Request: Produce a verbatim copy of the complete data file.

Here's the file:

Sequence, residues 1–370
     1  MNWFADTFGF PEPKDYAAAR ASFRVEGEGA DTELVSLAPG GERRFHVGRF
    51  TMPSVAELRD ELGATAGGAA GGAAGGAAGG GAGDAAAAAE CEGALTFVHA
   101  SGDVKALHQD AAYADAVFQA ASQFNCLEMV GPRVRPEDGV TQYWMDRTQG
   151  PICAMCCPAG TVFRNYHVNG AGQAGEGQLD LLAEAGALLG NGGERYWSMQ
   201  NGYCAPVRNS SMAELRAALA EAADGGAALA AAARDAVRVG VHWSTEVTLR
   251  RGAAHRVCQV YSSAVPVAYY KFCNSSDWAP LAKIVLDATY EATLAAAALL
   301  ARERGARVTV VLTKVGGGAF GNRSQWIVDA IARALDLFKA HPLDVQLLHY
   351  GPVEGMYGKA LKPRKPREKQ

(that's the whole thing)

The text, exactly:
Sequence, residues 1–370
     1  MNWFADTFGF PEPKDYAAAR ASFRVEGEGA DTELVSLAPG GERRFHVGRF
    51  TMPSVAELRD ELGATAGGAA GGAAGGAAGG GAGDAAAAAE CEGALTFVHA
   101  SGDVKALHQD AAYADAVFQA ASQFNCLEMV GPRVRPEDGV TQYWMDRTQG
   151  PICAMCCPAG TVFRNYHVNG AGQAGEGQLD LLAEAGALLG NGGERYWSMQ
   201  NGYCAPVRNS SMAELRAALA EAADGGAALA AAARDAVRVG VHWSTEVTLR
   251  RGAAHRVCQV YSSAVPVAYY KFCNSSDWAP LAKIVLDATY EATLAAAALL
   301  ARERGARVTV VLTKVGGGAF GNRSQWIVDA IARALDLFKA HPLDVQLLHY
   351  GPVEGMYGKA LKPRKPREKQ